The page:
If we start in on the exercise of how to model the simple relationship presented the Food Interface may be best; and if that is the sum total how the relationships in the system then your fine. However, just a few additional requirements or relationships can vastly affect the models and relationships that worked in the simpler case.

  • I agree but its just an small example an were not trying to model the world. For example you can have a Shark that eats Tires and License Plates. You can just make a parent abstract class with a method that eats any kind of object and Food could extend this abstact class.
    – hagensoft
    Commented Jul 30, 2013 at 22:49
  • @hagensoft: Agreed. I do get carried away sometimes because I constantly see developers modeling based on a metaphor they immediately seized upon, rather than looking at the how the data needs to be consumed and used. They get married to an OO design based on an initial idea and then try and force the problem to fit their solution instead of of making their solution fit the problem.
    – snakehiss
    Commented Jul 31, 2013 at 0:07

ECS composition-over-inheritance approach:

An entity is a collection of components.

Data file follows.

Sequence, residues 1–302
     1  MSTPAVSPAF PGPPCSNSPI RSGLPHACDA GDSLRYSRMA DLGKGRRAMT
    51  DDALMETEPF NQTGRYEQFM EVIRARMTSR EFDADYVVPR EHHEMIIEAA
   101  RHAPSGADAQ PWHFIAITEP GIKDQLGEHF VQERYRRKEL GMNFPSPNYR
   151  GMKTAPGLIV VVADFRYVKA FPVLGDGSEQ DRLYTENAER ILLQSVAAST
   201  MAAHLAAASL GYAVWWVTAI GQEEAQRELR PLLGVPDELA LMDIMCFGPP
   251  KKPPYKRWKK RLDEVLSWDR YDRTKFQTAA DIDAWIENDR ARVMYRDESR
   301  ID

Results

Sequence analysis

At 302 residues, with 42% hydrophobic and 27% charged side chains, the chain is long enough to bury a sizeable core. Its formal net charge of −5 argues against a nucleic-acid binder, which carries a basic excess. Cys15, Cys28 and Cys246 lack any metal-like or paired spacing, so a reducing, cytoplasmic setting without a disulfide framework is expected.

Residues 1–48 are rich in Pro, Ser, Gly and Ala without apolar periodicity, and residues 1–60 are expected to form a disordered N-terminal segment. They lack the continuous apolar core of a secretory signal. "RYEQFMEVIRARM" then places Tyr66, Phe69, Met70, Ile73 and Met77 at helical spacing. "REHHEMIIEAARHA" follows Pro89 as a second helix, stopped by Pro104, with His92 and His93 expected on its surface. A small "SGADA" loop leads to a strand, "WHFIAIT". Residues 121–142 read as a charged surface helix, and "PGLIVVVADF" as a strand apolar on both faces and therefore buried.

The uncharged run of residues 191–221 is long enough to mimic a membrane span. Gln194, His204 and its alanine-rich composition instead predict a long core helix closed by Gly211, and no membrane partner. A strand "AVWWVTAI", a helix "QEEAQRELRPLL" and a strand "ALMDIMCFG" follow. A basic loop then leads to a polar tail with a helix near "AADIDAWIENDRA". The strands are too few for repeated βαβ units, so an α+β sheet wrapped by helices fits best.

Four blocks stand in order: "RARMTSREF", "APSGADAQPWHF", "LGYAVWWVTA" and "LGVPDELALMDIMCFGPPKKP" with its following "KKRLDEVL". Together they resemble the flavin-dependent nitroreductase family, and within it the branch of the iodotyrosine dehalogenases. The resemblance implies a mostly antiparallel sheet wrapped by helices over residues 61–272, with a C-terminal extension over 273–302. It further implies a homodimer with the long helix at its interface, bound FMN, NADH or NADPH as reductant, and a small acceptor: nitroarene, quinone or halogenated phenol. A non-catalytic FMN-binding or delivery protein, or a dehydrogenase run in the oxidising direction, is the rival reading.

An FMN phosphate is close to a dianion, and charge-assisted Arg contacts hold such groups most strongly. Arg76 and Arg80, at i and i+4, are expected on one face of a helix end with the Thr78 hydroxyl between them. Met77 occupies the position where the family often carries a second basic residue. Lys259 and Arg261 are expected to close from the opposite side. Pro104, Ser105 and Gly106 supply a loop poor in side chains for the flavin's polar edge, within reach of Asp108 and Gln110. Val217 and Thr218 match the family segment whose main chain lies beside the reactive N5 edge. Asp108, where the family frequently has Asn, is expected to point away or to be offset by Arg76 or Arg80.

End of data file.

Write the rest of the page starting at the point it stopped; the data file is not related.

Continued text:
Systems process entities through their components.

Lion has claws and fangs as weapons.
Lion has meat as food.
Lion has a hunger for meat.
Lion has an affinity towards other lions.

Deer has antlers and hooves as weapons.
Deer has meat as food.
Deer has a hunger for plants.

Grass has plant as food.


lion = new Entity("Lion")
lion.put(new Claws)
lion.put(new Fangs)
lion.put(new Meat)
lion.put(new MeatHunger)
lion.put(new Affinity("Lion"))

deer = new Entity("Deer")
deer.put(new Antlers)
deer.put(new Hooves)
deer.put(new PlantHunger)

grass = new Entity("Grass")
grass.put(new Plant)

Nature is a system that loops through these entities, looking for what components they have through a generalized query function. Nature will cause entities with a hunger for meat to attack other entities that have meat as food using their weapons, unless they have an affinity towards that entity. If the attack succeeds, the entity will feed on its victim, at which point the victim will turn into a corpse deprived of meat. Nature will cause entities with a hunger for plants to feed on entities that have plant as food, provided that they exist.

Nature({lion, deer, grass})

    for each entity in entities:
       if entity.has("MeatHunger"):
           attack_meat(entity, entities.with("Meat", exclude = entity))
       if entity.has("PlantHunger"):
           eat_plants(entity, entites.with("Plant", exclude = entity))

Perhaps we want to extend Grass to have a need for sunlight and water, and we want to introduce sunlight and water into our world. Yet Grass cannot seek these out directly, as it does not have mobility. Animals may also need water, but can actively seek it out since they have mobility. It's pretty easy to keep extending and changing this model without cascading breakages of the entire design, as we just add new components and extend the behavior of our systems (or the number of systems).


With out using multiple inheritance, and using object oriented design, how do you solve this problem?

Like most things, it depends.

It depends on what you see 'this problem' to be.